by Eric J. Wittenberg and J. David Petruzzi
copyright 2006, 2011
When I first discovered the Civil War blogosphere a few years ago, among the first blogs I found was Eric Wittenberg's Rantings of a Civil War Historian. I probably discovered it through the Civil War Trust's website, but I soon started reading it and enjoyed his stories about Civil War Cavalry, unknown cavalrymen and commentary on Civil War related news. He also discusses his own writing projects, which include several books, and this led me to wanting to read his work and see how I liked it.
Well now I finally have done so. Plenty of Blame to Go Around, co-authored by Mr. Wittenberg and another well-known Civil War Cavalry expert J. David Petruzzi, (see Hoofbeats and Cold Steel) is an examination of both Jeb Stuart's famous (or infamous, depending on your perspective) cavalry ride at the end of June of 1863 as the Gettysburg campaign was heating up, and the controversy that this ride created.
Let me start by simply stating: this is a really good book. The writing has a good flow, making it readable and enjoyable, and it contains a lot of information and analysis. The authors clearly did a lot of research through many sources; this thoroughness comes across as they describe and analyze Stuart's ride and the decisions he made.
The book starts by examining Stuart's rider and the many incidents that occurred during this adventure, including battles, skirmishes, delays and other events. I really like how the authors are willing not only to tell what happened, but to point out future consequences of certain actions. One such example occurred on pages 63 and 64 when they mention a detour Stuart took. They followed that up with the ominous words: "The seemingly insignificant change of plans had far-reaching consequences no one could foresee at the time."
As a reader, I find that a sentence like that really grabs my attention and makes me anxious to keep reading to see what those consequences are. The authors make similar statements throughout their description of Stuart's ride, showing when questionable decisions were made or actions taken (or not taken), instead of waiting to tell the story and then go back to explain when mistakes occurred. It is similar to how a work of fiction may include the tool called foreshadowing, though this was not at all subtle warning of what was to come. I really appreciated how the authors used that technique in this book. It definitely added to the understanding of the situations in which Stuart found himself and led me to look ahead to what was to come.
After detailing Stuart's ride and the various happenings on his trip that eventually ended at Gettysburg, the authors spend three chapters describing the controversy around Stuart's actions - how it began, continued, and how it still rages to this day. They use excerpts from official reports (some of them are quite long, but add greatly to the text), personal writings, books and other sources. Wittenberg and Petruzzi show how many fellow soldiers at the time criticized Stuart for disobeying orders or seeking glory, but also demonstrate that others defended the cavalry chief, arguing that the cavalier used the discretion that Robert E. Lee had given him and how unplanned circumstances (such as Union Army movements) led him to make the decisions he did.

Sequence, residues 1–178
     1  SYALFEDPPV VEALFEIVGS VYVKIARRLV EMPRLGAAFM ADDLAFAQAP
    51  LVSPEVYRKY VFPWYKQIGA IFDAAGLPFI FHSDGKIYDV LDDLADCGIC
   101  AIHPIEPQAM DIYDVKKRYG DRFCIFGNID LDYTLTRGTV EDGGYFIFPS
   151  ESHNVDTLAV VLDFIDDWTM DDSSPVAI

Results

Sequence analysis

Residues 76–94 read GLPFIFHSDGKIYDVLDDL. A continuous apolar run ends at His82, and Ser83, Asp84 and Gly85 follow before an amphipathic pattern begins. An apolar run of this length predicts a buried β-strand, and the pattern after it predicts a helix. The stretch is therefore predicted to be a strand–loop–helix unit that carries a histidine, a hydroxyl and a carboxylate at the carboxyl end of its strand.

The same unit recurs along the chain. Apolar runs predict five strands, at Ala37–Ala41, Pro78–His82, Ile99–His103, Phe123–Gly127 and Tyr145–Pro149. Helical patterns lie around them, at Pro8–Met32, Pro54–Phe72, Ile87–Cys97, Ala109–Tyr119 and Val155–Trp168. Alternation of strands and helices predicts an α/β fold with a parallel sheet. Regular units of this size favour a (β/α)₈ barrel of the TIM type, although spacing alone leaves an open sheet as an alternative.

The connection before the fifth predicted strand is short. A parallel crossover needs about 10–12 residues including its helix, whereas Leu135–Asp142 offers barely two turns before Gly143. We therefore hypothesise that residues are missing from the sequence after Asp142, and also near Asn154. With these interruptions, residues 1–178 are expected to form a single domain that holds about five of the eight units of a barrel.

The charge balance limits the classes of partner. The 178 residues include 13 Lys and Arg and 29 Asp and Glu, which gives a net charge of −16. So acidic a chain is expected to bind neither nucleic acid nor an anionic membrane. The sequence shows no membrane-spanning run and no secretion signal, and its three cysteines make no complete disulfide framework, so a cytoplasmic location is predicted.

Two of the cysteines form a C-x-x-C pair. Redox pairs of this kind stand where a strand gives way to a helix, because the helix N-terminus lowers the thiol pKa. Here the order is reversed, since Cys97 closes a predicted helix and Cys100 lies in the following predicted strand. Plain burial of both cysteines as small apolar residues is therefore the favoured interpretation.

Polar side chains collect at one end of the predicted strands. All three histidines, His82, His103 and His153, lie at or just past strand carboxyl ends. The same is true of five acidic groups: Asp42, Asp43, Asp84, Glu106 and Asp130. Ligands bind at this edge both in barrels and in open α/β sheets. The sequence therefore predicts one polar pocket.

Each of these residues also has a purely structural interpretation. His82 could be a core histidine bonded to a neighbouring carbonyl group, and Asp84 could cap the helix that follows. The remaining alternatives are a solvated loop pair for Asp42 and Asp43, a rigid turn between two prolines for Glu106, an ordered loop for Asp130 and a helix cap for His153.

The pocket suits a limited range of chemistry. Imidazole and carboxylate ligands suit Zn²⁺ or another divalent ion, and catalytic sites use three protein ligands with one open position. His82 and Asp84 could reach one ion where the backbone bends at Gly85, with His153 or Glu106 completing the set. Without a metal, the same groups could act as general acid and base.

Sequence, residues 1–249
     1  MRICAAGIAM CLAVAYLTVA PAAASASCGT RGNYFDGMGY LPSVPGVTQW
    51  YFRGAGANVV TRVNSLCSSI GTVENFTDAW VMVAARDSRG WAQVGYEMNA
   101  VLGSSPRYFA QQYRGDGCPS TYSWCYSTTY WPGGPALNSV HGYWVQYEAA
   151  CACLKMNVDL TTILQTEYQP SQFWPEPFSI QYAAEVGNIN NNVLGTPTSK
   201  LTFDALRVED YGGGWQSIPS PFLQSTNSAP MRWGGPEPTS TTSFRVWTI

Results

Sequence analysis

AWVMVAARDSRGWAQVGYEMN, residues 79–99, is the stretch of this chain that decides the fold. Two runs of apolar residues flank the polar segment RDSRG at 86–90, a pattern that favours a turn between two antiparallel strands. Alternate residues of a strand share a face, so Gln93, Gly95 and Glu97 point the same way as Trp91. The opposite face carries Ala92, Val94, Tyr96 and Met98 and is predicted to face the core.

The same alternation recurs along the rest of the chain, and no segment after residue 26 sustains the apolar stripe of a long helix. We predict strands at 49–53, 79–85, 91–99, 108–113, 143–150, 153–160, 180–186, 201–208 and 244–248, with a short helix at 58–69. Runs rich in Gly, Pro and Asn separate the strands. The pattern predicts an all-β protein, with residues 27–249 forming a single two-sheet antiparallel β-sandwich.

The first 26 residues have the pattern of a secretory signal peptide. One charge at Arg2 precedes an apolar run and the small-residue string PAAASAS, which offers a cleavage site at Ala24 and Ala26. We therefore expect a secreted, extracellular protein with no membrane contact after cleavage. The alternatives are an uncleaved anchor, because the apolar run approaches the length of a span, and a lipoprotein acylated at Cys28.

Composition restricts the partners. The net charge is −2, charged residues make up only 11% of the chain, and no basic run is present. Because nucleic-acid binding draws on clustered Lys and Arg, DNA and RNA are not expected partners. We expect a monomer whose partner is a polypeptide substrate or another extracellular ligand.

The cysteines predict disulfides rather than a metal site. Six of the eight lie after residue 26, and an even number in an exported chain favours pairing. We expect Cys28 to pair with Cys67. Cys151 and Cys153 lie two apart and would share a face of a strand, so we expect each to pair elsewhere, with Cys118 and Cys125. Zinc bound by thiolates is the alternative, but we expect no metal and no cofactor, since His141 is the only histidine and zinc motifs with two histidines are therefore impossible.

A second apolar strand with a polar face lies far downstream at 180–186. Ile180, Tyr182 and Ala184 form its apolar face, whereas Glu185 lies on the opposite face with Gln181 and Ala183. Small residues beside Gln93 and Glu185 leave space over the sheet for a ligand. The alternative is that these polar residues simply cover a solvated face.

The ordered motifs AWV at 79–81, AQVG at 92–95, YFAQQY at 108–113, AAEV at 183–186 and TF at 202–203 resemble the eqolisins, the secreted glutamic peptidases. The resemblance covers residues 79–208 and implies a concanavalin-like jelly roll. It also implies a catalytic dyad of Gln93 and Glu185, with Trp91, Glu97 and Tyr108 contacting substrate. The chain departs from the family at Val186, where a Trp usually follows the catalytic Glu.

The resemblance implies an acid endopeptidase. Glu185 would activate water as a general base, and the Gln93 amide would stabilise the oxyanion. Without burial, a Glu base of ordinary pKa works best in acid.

I like how they show numerous examples from both sides of the dispute, from the time of the war, throughout the rest of the 19th century, into the 20th century and onto today. They do not rely on just one or two sentences for most of these examples either - they reprint enough of the originals to tell clearly how the original writer felt. The book demonstrates how much controversy Stuart's ride created, but that there was (and still is) no clear consensus on who was responsible for Stuart's absence from the side of Lee.
The authors finish the text with a chapter describing their conclusions. They again use numerous examples from various reports and publications over the years and decades to show the arguments being made and they then analyze these reports and their effectiveness. It comes across as a fair and balanced view, and their conclusion is effectively demonstrated by the book's title: Plenty of Blame to Go Around.
After this chapter, they add appendices that include information about the units under Stuart's command during his ride, the orders of battle for the battles they fought on the ride and Stuart's entire official report of this time period, including the ride, the battle at Gettysburg and the retreat back to Virginia. They end the book with a driving tour of Stuart's ride.
The book does include photographs and maps spread throughout the chapters, which is a fine touch and I enjoyed getting additional tidbits in the notes section as well.
This is a very good, informative, in-depth examination not only of Stuart's ride, but also of its aftermath and the controversy it stirred. It is well-written, thoroughly researched, and shows why and how Jeb Stuart's ride in the days before the battle of Gettysburg became so controversial that debate still continues over it even almost 150 years after it happened. I gladly recommend this book.
Thank you so much for your kind words about Plenty of Blame. What you describe is precisely what JD and I set out to do when we wrote the book. I'm glad to hear that we accomplished our goal.
Thank you for the great review of our book, Plenty of Blame to Go Around. If you or your readers would like more information about the book, including an excerpt, or its author, please check at http://www.savasbeatie.com/books/POBTGA_book.htm.ReplyDelete
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